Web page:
Scientists with the Weed Science Society of America (WSSA) say UAVs may soon revolutionize weed management. And it’s easy to see why.
UAVs can travel where it is hard to navigate by ground – and when equipped with the right tools, researchers say they can be quite effective at both finding and treating problem weeds.
Just consider the following findings from John Nowatzki, a scientist at North Dakota State University:
Weed Identification and Mapping
UAVs equipped with cameras and other sensor technologies have successfully measured weed density and have been used to identify and map multiple weed species with greater than 90 percent accuracy. They also have been used to detect differences in canopy temperatures between glyphosate-susceptible and glyphosate-resistant weed species – data used to identify resistant weeds with an accuracy level of more than 95 percent.
One downside: Analyzing data collected by UAVs takes time, and that can mean a costly delay in weed management decisions.
Researchers say artificial intelligence tools can eliminate the lag as computers learn to identify and map weeds on the go. More work must be done, though, to develop the massive databases of weed images needed for machine learning.
Aerial Application of Herbicides
Researchers are currently testing a semi-autonomous UAV spray system guided by GPS coordinates fed into the UAV’s flight planner. They’ve found that UAVs can hover over targeted treatment areas with an accuracy of one to two feet – improving the precision and safety of herbicide applications.
Before such systems become widely used in agriculture, though, researchers say it is important to learn more about spray drift patterns, the impact of droplet size, and the environmental and health impacts of UAV-based herbicide applications. Such information will be critical to the EPA as it works to establish policies that will address acceptable UAV use patterns, herbicide labeling, and regulatory, safety and enforcement issues.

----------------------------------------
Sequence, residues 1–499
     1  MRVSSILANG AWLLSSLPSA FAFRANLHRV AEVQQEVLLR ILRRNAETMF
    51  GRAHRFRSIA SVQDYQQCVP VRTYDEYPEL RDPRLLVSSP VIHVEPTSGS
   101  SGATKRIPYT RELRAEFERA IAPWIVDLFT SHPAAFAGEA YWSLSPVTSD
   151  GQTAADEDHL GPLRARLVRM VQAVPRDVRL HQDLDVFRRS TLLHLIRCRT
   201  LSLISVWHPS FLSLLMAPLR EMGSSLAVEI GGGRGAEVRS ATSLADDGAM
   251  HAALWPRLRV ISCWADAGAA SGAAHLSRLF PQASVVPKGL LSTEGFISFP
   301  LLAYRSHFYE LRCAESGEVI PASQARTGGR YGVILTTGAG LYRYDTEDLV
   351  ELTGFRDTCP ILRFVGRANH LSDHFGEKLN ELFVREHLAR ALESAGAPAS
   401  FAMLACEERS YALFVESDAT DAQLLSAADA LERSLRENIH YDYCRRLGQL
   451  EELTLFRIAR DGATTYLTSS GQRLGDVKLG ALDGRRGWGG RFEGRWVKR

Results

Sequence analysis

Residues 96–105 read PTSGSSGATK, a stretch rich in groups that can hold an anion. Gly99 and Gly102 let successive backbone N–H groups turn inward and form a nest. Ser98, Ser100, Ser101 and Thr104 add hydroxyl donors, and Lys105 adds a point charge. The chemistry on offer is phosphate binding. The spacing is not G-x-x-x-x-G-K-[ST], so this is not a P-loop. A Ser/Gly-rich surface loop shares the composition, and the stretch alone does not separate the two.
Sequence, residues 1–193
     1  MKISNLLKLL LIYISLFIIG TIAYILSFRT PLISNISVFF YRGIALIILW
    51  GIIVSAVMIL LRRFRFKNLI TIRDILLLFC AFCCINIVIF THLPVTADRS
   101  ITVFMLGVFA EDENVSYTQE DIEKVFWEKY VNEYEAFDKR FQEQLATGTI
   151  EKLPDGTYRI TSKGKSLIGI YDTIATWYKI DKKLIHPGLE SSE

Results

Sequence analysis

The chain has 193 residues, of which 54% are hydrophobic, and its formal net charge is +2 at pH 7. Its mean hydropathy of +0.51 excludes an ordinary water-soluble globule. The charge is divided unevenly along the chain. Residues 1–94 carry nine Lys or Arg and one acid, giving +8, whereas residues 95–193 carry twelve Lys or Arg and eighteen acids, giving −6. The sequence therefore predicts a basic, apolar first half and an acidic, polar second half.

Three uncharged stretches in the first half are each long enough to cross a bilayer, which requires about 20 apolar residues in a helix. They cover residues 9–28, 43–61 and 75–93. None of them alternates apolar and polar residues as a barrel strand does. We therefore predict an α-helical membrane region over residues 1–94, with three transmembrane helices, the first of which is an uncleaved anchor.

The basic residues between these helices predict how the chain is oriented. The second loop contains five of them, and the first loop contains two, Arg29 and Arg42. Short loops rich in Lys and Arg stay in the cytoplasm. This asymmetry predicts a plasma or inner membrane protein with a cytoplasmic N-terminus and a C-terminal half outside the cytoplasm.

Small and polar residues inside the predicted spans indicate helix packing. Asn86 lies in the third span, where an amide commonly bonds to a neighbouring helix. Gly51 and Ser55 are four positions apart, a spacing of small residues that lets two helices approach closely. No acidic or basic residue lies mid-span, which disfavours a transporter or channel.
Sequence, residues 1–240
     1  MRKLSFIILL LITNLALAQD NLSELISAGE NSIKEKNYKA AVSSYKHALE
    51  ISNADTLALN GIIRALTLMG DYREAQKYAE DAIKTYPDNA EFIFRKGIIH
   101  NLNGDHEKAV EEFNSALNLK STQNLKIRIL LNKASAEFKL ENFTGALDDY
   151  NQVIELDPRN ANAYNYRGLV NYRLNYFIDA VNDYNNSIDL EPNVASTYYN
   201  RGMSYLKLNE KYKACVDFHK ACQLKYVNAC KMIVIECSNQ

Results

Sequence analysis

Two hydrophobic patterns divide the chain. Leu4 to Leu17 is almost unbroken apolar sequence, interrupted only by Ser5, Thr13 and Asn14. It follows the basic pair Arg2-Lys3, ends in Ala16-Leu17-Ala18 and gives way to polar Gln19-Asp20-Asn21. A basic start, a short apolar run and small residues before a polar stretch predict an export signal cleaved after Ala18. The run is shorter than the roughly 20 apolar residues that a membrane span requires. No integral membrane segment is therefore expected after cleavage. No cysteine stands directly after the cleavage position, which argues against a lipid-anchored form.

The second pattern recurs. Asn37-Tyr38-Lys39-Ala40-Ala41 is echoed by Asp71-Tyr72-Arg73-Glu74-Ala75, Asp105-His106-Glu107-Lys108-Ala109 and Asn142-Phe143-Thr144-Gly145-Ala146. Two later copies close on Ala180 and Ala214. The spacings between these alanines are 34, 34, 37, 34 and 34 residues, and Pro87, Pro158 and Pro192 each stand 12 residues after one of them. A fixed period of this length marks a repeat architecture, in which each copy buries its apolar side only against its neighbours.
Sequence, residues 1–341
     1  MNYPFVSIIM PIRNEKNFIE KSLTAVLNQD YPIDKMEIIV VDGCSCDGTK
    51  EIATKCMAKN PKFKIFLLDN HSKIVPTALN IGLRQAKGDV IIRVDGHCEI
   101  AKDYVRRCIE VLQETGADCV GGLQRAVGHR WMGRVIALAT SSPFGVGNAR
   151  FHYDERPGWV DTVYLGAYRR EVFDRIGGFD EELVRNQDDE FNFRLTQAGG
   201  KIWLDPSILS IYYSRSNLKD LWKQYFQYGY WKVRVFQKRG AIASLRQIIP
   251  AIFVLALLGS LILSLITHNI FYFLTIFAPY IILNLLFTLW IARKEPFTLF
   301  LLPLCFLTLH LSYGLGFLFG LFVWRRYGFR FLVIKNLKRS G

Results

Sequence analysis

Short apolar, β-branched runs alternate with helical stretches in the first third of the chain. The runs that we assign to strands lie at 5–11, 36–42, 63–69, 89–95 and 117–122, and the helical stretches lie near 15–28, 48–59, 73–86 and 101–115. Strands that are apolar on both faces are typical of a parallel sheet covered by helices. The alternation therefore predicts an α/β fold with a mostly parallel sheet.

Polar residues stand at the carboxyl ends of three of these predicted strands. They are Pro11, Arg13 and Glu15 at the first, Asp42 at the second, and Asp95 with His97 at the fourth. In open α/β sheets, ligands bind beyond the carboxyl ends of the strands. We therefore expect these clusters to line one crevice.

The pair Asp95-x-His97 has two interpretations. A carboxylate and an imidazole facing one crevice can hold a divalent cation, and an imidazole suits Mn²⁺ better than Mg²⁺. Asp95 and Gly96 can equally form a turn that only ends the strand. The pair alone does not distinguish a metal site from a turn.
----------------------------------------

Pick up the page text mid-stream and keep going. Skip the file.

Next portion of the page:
But those investigating UAVs as a tool for weed control are upbeat about the potential. With the appropriate computer processing capacity and battery power, UAVs may one day become fully autonomous – able to identify weeds and make site-specific herbicide applications in real-time, all as part of a sustainable, site-specific weed management system.
“It’s easy to imagine early response programs to spot-treat potentially resistant weeds that escaped a previous treatment,” says Muthu Bagavathiannan, Ph.D., of Texas A&M University. “Doing so could greatly improve weed control and minimize weed seedbank replenishment, while reducing the amount of herbicides used.”
UAVs for Aquatic Weed Management
Aquatic weed management is an area where UAVs can really shine. Weed mapping is crucial to assessing the risk of plant invaders that threaten vital water resources. But it can be a tough task to accomplish by boat or shoreline observations.
According to Rob Richardson, Ph.D., of North Carolina State University, UAVs equipped with high-resolution cameras can quickly travel over bodies of water to detect new weed infestations, estimate the biomass of submersed or floating weed beds, and monitor weeds before and after treatment.
“UAVs give us a timely, low-cost way to reach areas of a waterway that would otherwise be inaccessible by boat due to shallow water, lack of launch facilities, or the presence of stumps, rocks or other hazards,” Richardson said. “They can be an important tool for rapid response and for making better-informed weed management decisions.”
UAVs can also be used to apply treatments to specific areas over broad swaths of weedy invaders, Richardson says. Research is underway to explore important aquatic treatment variables – from the most appropriate applicator nozzles to best practices for managing spray drift.
ABOVE: UAV used to apply herbicides. This image shows a UAV/drone applying herbicides to a research field at Texas A&M University. The system is equipped with a four-nozzle boom and has a capacity of over five quarts. (Photo courtesy of Texas A&M Weed Science)
ABOVE: These UAV images show the impact of a herbicide treatment applied to a farm pond infested with duckweed and watermeal. The images at left show the pond before treatment, while the images at right show the pond one month after treatment. (Photos courtesy of Andrew W. Howell, North Carolina State University.)